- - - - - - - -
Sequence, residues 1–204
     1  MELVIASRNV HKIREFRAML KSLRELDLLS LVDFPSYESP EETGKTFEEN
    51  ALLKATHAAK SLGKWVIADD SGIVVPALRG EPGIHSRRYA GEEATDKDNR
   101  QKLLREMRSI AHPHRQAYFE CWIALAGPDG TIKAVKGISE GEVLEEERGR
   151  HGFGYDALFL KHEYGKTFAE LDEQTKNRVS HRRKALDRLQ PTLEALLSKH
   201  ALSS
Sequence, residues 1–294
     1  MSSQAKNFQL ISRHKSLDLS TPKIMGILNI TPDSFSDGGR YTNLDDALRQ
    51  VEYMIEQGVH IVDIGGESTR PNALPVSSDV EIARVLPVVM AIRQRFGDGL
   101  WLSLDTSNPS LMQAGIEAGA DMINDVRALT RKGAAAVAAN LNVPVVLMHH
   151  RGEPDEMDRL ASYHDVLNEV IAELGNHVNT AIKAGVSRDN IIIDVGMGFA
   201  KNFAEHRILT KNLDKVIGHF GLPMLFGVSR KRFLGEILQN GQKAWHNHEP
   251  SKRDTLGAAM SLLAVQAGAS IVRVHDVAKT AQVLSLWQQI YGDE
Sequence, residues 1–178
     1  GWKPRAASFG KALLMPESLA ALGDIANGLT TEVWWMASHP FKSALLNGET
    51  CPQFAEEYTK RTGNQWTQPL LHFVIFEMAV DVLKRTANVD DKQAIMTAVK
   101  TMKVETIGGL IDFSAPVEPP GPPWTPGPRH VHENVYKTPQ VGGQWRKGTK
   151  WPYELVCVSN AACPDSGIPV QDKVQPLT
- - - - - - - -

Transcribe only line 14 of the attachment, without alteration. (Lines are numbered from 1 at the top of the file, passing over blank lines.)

Sequence, residues 1–178